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The 10 films of the 2019 LUX FILM PRIZE Official Selection

Festivals 2019-07-01

Once again this year, the European Parliament is supporting European cinema by way of the LUX Prize. The 2019 edition of the Competition officially kicked off in March and, following much deliberation on the part of the Selection Panel, the ten films which make up the Official Selection have just been unveiled at the 54th Karlovy Vary International Film Festival.

A highly varied initial shortlist of films was considered for the debates and was consequently discussed by the 21 European film professionals who carefully suggested, watched and selected them. A selection of refreshing and eye-opening European works, including first features, fiction films and documentaries, directed by both male and female directors, hailing from every country on the Continent, were discussed, evaluated and compared by the selection-panel members.

The official line-up was revealed today at Karlovy Vary, 30 June, by European Parliament´s Vice-Chair of the Committee on Culture and Education Helga Trüpel, Vice-Chair of the Committee on Budgetary Control Martina Dlabajová, LUX Prize coordinator Doris Pack, and Benedikt Erlingsson, director of  2018 LUX Prize winner - Woman at War.

The 2019 LUX Prize Official Selection
(in alphabetical order)

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Clergy (Kler) - Wojciech Smarzowski (Poland)

Cold Case Hammarskjöld - Mads Brügger (Denmark/Norway/Sweden/Belgium/United Kingdom/Germany)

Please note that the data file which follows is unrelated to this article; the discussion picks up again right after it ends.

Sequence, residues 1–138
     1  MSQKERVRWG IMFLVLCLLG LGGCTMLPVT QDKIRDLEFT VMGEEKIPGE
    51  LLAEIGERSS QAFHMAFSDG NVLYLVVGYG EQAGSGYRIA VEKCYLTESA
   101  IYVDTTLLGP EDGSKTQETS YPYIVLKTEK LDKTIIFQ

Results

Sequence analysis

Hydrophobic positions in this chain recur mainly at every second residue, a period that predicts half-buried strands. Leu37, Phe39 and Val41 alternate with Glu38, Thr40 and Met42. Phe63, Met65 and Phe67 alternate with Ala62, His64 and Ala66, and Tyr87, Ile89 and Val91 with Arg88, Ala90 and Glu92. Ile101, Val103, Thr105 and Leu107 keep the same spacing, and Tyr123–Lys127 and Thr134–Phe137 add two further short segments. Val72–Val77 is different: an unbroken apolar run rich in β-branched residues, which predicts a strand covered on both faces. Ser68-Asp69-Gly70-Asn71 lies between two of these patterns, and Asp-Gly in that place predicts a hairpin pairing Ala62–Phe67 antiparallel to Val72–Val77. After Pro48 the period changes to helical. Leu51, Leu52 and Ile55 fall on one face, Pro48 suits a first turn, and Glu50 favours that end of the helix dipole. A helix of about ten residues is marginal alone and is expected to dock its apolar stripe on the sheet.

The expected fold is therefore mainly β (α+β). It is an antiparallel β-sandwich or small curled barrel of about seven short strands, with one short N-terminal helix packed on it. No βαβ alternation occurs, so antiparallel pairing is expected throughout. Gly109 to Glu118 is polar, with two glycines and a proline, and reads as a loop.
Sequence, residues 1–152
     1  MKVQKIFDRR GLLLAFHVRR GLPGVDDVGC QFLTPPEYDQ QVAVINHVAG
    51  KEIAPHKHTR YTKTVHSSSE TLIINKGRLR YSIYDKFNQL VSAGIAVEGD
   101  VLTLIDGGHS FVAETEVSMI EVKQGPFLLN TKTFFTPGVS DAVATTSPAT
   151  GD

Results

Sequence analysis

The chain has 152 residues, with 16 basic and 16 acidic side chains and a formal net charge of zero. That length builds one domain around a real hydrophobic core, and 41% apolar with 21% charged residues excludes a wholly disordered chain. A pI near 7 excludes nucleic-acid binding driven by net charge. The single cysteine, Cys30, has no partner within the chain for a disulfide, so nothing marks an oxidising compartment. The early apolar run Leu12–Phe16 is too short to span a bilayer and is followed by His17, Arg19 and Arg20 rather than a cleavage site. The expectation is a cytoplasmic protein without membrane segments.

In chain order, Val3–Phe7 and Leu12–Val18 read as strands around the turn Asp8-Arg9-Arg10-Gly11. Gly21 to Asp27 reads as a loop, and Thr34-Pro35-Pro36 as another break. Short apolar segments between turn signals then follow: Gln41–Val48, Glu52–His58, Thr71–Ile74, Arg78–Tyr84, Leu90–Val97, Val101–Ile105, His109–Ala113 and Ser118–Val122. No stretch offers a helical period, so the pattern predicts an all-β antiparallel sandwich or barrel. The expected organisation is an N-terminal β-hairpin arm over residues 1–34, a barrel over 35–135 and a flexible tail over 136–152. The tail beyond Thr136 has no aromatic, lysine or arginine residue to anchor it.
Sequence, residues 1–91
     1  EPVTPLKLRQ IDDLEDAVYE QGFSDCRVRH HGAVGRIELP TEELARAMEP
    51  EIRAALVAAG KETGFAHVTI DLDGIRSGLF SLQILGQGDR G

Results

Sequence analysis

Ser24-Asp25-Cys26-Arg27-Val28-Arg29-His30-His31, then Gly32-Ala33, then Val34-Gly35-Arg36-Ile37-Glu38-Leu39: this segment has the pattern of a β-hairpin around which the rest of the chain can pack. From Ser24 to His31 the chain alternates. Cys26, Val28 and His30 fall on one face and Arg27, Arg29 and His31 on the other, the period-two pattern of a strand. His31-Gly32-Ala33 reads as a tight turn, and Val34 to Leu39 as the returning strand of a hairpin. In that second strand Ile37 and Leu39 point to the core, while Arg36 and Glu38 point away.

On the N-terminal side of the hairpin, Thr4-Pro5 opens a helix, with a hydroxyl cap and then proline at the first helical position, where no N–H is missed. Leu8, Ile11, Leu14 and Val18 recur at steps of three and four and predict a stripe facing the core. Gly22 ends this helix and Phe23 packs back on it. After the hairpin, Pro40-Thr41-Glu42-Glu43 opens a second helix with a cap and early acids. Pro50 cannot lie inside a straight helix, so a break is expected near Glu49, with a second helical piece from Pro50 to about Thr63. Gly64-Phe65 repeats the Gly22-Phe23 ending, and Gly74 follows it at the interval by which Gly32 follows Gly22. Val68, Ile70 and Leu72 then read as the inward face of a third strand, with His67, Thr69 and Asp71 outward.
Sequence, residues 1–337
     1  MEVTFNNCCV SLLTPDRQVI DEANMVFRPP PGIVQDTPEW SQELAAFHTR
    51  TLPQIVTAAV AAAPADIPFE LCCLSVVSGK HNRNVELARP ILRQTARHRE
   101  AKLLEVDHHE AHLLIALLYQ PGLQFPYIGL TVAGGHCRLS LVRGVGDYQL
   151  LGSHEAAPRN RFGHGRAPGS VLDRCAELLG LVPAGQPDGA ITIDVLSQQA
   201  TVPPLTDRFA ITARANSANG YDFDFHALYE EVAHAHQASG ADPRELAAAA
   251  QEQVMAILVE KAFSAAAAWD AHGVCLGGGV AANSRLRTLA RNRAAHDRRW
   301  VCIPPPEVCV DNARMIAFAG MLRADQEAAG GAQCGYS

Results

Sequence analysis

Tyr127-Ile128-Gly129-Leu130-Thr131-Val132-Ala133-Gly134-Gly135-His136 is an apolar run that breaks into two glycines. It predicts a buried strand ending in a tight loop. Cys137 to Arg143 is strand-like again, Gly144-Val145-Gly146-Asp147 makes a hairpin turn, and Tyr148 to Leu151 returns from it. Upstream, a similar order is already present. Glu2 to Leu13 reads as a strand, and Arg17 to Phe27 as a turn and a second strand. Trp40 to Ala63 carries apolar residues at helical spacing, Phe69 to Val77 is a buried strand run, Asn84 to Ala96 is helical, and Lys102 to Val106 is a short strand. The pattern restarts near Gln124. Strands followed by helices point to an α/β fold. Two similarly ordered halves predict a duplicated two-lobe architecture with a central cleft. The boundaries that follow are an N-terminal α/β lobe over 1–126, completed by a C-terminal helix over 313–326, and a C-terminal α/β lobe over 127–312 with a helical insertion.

God Exists, Her Name Is Petrunya (Gospod postoi, imeto i´e Petrunya) - Teona Strugar Mitevska (North Macedonia/Belgium/Slovenia/ France/Croatia)

Her Job (I Doulia tis)  – Nikos Labôt (Greece/France/Serbia)

Honeyland (Medena zemja) - Tamara Kotevska, Ljubomir Stefanov (North Macedonia)

Invisibles (Les invisibles)Louis-Julien Petit (France)

Ray & LizRichard Billingham (United Kingdom)

System Crasher (Systemsprenger)Nora Fingscheidt (Germany)

The Man Who Surprised Everyone (Tchelovek, kotorij udivil vsekh)– Natasha Merkulova, Aleksey Chupov (Russian Federation/Estonia/France)
The Realm (El reino)Rodrigo Sorogoyen (Spain/France)

This year’s highlights in the selection include a total of four female directors (Teona Strugar Mitevska, Tamara Kotevska, Nora Fingscheidt and Natasha Merkulova), two documentaries (Cold Case Hammarskjöld and Honeyland), a sensational presence of small countries (not one but two films from North Macedonia) and European co-productions (half of the selection are co-productions).